- Using touchscreens may be more likely to cause muscle issues than a conventional keyboard
- Touchscreens are activated by physical contact and users have to keep their fingers and wrists hovering over the screen
- Doing this for long periods of time can lead to tenser muscles
Typing on a touch-screen for long periods of time may be more likely to cause muscle issues in the upper body than using a conventional keyboard, researchers have found.
Unlike the traditional keys found on desktop PCs and notebooks, touch-screens (virtual keyboards) are activated by any physical contact with the skin.
Therefore, users are unable to rest their fingers on the keyboard and must keep their fingers and wrists hovering over the screen to avoid accidentally hitting the keys.
This can lead to ‘prolonged static muscle loading’ – when muscles are kept tense and motionless – in the shoulders, the researchers at Northern Illinois University said.
Lead author Jeong Ho Kim said: ‘The prolonged static muscle loading is a risk factor for musculoskeletal disorders, thus using a virtual keyboard for long periods of time may increase the risk for musculoskeletal discomfort and disorders in the shoulder.’
It comes as researchers last week warned of a modern affliction known as ‘text neck’.
A study by surgeons found that holding the head at 60 degrees – typical of our posture when texting on a phone – exerts four stone of pressure on the top part of the spine.
Lead researcher Kenneth Hansraj, chief of spine surgery at New York Spine Surgery & Rehabilitation Medicine, said the extra stress may lead to ‘early wear, tear, degeneration and possibly surgeries’.
According to Ofcom, 44 per cent of UK households now have a tablet – up from less just 24 per cent a year ago.
More than a third of children (34 per cent) aged between five and 15 have their own tablet, the communications watchdog said.
And nearly three in 10 (28 per cent) of over-55s also own a tablet, with many using it as their main computing device. In contrast, desktop PC ownership has dropped, with just 35 per cent of households now having one, down from 44 per cent in 2012.
For the study, which was published in the scientific journal Applied Ergonomics, researchers studied a mixed-sex group of 19 experienced touch typists with no history of musculoskeletal disorders of the upper body.
All participants were current virtual keyboard users with either smartphones or tablets, and had been using computers for an average of 14 years.
Each was asked to type passages from Grimm’s Fairy Tales for five minutes on touch-screen, desktop and notebook keyboards, twice.
Electrodes recorded the muscle activity in the participants’ forearms and shoulders.
The researchers found that, although muscle activity in the forearms was lowest when the participants were typing on a virtual keyboard, it was higher in the trapezius muscles between the neck and shoulders.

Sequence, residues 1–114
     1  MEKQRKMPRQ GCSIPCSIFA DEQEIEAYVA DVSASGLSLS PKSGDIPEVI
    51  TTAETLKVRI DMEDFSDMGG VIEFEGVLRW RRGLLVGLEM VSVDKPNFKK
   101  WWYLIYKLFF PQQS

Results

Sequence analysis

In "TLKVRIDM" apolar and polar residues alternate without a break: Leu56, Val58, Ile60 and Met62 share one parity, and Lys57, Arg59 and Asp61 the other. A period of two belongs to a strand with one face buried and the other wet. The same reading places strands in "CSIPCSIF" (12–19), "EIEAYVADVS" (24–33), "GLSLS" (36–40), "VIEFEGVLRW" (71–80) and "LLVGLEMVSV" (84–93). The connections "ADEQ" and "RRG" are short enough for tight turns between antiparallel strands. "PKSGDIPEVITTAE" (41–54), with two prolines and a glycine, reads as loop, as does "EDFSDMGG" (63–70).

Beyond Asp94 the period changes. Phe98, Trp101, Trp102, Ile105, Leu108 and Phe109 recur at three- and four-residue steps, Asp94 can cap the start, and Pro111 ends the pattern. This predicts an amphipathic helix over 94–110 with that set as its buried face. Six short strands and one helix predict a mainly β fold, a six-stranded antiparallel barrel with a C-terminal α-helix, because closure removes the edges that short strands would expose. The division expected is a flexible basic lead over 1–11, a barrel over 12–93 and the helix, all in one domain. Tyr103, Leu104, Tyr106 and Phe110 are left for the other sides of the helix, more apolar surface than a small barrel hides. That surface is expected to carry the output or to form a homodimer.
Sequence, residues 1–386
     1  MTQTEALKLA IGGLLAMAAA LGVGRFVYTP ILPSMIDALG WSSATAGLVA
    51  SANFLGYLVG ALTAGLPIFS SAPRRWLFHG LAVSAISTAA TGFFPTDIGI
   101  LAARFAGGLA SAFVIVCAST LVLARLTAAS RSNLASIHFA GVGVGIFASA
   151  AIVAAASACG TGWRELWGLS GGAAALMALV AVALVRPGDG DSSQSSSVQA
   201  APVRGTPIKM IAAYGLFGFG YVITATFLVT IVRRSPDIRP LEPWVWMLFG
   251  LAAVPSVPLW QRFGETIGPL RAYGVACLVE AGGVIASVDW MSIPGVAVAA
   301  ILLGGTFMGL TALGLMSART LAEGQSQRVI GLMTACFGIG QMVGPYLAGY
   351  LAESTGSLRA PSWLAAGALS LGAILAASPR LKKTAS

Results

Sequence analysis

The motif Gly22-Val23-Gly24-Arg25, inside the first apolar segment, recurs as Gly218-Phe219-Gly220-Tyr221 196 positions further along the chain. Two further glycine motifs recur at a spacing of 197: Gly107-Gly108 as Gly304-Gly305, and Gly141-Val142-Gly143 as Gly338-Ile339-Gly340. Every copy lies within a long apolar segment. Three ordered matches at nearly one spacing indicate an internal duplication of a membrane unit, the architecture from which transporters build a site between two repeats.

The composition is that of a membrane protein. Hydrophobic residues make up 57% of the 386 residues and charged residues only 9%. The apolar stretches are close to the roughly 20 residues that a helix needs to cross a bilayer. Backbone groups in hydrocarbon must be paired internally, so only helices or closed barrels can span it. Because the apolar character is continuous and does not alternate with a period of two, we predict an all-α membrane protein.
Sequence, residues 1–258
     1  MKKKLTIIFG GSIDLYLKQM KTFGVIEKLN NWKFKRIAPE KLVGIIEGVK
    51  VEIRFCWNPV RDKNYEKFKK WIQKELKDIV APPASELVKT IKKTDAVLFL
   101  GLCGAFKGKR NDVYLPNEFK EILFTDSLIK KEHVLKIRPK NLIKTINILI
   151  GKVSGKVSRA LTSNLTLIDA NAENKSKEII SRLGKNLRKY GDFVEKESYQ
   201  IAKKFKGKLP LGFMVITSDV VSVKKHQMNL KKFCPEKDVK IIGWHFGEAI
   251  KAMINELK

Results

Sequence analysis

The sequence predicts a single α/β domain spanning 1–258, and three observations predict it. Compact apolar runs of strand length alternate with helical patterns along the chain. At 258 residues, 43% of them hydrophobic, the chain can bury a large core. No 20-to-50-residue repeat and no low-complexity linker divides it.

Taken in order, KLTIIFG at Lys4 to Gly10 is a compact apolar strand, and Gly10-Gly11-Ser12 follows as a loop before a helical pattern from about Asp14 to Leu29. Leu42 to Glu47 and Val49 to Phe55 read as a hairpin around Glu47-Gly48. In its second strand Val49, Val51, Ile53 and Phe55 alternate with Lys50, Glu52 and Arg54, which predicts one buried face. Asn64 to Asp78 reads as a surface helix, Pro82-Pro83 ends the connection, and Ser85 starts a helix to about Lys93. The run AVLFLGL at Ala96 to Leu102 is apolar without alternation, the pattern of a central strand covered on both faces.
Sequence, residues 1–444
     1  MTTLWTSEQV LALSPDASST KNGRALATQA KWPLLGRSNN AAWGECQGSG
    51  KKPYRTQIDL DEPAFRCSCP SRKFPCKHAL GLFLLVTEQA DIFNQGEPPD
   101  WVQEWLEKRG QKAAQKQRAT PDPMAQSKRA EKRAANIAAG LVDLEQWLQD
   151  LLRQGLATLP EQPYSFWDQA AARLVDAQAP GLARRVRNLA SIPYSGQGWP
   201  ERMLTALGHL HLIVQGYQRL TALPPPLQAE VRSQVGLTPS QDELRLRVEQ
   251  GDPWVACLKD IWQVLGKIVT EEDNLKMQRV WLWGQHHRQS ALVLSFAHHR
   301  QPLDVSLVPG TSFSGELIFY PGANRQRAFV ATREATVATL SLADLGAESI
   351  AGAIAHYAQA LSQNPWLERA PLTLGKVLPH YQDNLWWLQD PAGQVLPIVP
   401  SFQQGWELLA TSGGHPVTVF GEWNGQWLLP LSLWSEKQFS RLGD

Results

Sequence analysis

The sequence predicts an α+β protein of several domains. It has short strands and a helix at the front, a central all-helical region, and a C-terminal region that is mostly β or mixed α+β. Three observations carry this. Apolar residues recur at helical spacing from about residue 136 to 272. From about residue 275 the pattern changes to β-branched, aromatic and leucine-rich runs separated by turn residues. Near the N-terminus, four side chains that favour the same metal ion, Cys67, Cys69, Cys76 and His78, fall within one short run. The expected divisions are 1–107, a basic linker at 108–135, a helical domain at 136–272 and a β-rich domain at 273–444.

Prof Kim said: ‘Because a function of the trapezius muscle is to support the arms, floating the hands and forearms while typing on the virtual keyboard may have increased the static loading in the trapezius muscle and consequently resulted in higher muscle activity.
‘Although the differences were relatively small, these small exposure differences could be important when they accumulate over time.’
Additionally, self-reported discomfort was higher with the touch-screen keyboards, and typing speeds and accuracy were reduced by 60 per cent and 11 per cent, respectively.
Physiotherapist Tim Allardyce, who has a practice in Surrey, said that over a period of days or months, the upper trapezius muscle can become shortened and fatigued, leading to neck and shoulder aching, and eventually neck pain.
‘Due to the attachments of the trapezius into the top of the neck it is also becoming more common for regular tablet and iPad users to experience cervicogenic (neck origin) headaches,’ he said.
‘Now compare using a conventional keyboard – your forearms and elbows are resting on a desk, and your arms are not having to be self-supported for long hours.
‘This requires significantly less muscle activation from the upper trapezius muscle, leading to less shortening and fatigue of the muscle fibres, and hence less neck pain.’
He recommends limiting usage of tablets to one hour a day, and plugging in a conventional keyboard if possible, to reduce fatigue in the arms and shoulders.
‘If you are going to use a tablet for longer periods of time, try to use it on a desk rather than your lap while you sit on a sofa,’ he added. ‘It helps to reduce that forward neck bending which causes so many neck problems.’